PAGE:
In my humble opinion, each and every person has a religion (even if you say that you do not; in saying that, you are expressing that you have the belief and faith in not having a religion and in not applying any religious practices!), so please do not be arrogant. Yes, diversity does separate people but it can also be a source of celebration. It is people (and not diverse religions, cultures, spiritualities, philosophies, theories, and viewpoints) that separate among one another and that do not choose to have an open mind to celebrate diversity which is in the end inevitable. 

Here's the link of this new blog if you're interested: http://journey2submission.blogspot.com/

Anyhow, here is the quotation (or the inspiration) of the month which I want to share with you Tea Mates, I think it is a universal message regardless of our backgrounds :-)


"Let no one ever come to you without leaving better and happier. Be the living expression of God's kindness, kindness in your face, kindness in your eyes, kindness in your smile." ---Mother Teressa 


From your Tea Mate,
Reema B. :-)

Monday, September 21, 2009

how to say i love you

TEA TIME!!!

My tea for the post is green tea, what would you like to have?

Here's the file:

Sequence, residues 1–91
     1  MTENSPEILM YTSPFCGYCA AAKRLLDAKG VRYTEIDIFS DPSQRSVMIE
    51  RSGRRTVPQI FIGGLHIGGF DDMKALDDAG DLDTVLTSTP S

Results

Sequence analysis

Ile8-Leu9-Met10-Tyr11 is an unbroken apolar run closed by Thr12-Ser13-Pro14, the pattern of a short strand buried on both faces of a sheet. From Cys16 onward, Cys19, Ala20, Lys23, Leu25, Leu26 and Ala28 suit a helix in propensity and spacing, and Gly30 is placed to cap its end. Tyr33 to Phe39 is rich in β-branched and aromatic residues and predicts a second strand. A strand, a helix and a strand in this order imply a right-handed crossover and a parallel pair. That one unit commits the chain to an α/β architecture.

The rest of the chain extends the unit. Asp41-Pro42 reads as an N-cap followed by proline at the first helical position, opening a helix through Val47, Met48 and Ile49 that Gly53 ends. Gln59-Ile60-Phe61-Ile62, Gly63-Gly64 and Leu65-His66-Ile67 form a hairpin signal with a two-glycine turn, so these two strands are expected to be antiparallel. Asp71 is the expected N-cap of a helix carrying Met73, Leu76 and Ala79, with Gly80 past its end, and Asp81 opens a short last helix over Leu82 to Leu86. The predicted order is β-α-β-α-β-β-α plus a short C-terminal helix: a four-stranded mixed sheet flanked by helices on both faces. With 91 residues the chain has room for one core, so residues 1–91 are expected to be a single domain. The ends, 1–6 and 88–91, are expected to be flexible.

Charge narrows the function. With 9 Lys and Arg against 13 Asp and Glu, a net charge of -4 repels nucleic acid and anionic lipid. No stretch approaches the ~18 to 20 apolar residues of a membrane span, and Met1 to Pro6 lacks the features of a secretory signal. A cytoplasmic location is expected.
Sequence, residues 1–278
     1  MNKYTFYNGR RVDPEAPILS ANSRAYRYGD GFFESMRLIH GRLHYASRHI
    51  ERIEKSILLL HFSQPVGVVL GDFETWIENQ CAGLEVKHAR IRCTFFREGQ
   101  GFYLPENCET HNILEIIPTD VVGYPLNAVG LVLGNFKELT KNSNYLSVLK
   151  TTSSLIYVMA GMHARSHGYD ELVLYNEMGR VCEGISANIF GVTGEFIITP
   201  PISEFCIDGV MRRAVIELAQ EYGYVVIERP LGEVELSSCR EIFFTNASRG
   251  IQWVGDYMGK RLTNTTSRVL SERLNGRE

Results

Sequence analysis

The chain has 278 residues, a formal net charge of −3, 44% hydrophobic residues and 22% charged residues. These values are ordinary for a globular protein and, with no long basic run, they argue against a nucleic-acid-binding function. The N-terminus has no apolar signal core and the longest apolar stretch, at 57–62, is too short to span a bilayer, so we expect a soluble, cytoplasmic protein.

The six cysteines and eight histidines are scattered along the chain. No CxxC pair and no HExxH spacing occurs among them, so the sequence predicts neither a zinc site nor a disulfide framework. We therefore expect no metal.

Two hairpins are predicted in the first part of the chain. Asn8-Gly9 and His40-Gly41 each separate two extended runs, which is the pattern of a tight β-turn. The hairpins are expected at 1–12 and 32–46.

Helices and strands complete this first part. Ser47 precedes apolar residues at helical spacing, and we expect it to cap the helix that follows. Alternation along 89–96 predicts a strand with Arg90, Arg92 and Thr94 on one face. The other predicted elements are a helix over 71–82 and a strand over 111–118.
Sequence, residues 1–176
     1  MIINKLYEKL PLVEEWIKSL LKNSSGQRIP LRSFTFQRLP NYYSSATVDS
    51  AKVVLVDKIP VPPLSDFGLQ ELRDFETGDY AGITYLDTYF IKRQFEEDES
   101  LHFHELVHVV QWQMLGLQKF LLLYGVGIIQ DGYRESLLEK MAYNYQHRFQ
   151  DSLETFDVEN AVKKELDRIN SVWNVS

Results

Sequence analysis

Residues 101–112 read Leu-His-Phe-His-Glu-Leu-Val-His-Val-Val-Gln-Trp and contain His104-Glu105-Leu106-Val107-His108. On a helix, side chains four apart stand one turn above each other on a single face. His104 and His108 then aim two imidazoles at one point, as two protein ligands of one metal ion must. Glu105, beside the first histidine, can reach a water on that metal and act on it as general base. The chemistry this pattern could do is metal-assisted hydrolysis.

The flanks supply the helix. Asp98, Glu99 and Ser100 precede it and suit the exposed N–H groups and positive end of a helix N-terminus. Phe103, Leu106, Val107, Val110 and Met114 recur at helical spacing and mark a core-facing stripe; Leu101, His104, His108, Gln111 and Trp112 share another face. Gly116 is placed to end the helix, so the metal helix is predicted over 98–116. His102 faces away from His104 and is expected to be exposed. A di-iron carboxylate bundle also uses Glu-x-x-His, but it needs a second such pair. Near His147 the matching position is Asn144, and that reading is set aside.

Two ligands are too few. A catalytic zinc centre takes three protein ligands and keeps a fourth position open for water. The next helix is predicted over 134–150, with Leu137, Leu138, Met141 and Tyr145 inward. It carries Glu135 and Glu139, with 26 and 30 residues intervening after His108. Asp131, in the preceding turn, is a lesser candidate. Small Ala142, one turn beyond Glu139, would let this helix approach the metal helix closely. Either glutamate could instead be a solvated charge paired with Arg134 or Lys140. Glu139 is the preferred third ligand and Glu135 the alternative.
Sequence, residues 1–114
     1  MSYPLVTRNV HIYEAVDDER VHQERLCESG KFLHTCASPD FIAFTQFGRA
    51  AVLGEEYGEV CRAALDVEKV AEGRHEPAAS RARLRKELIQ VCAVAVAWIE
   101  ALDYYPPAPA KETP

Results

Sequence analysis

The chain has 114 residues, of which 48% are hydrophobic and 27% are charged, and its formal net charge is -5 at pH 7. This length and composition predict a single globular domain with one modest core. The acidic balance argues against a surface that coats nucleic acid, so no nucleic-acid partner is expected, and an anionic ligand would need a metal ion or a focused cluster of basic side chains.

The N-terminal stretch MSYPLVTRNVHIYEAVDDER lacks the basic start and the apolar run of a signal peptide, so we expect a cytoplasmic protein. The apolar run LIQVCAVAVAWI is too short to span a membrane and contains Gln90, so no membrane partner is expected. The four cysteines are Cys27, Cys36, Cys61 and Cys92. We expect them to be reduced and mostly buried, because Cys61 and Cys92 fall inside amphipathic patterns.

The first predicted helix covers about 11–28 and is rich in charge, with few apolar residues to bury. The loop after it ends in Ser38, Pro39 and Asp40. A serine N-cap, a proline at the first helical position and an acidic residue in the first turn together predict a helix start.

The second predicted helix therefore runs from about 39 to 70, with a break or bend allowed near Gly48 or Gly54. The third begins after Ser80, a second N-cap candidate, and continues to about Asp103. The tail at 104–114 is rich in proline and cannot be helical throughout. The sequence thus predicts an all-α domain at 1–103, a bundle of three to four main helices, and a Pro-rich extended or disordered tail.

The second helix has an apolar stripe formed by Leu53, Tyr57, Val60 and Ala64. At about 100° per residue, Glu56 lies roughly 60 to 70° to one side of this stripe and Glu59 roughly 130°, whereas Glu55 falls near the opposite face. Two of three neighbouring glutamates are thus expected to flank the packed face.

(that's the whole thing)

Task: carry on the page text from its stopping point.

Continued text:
Was thinking about how I didn't post any videos on this blog and I am sure that I have some videos that I'd love to share with you Tea Mates. Anyhow, here's one which I really found very sweet and makes people reflect. (However, this sort of guy-girl relationship and dating in general are not things that I would personally and culturally agree with myself...may explain about that in a future post).

Here's what I found in the info section of this YouTube video: (in the meantime, enjoy the video! Oh, and sorry about its appearance, this is the smallest size I could make it to fit it in here):

Written by Hayley Stuart
Directed by Hayley Stuart & Francesca Sophia

SYNOPSIS:
Nicola is sitting on a bench when she is approached by Sam, an intrusive boy who strikes up an unlikely and intimate conversation with her, in which they bond awkwardly over their mutual feelings of isolation in a generation that would rather communicate via the Internet than in person.

Starring Nicola Potts:
http://www.youtube.com/user/nicolaepotts

& Sam Smith
http://www.youtube.com/user/sam0smith

Music written and performed by Jaymay
http://www.myspace.com/jaymay
(Used with permission.)

Filmed on location in Manchester, England.
Shot on Panasonic AG-HPX 171 E.




From your Tea Mate,
Reema B. :-)

Saturday, September 19, 2009

I haven't learned, I am learning






TEA TIME!!!

Tea for the post is Teavana's blend of Samurai Chai Mate with White Ayurvedic Chai. I hate its taste once it gets cold though as it is quite a spicy tea. What tea would you like to have?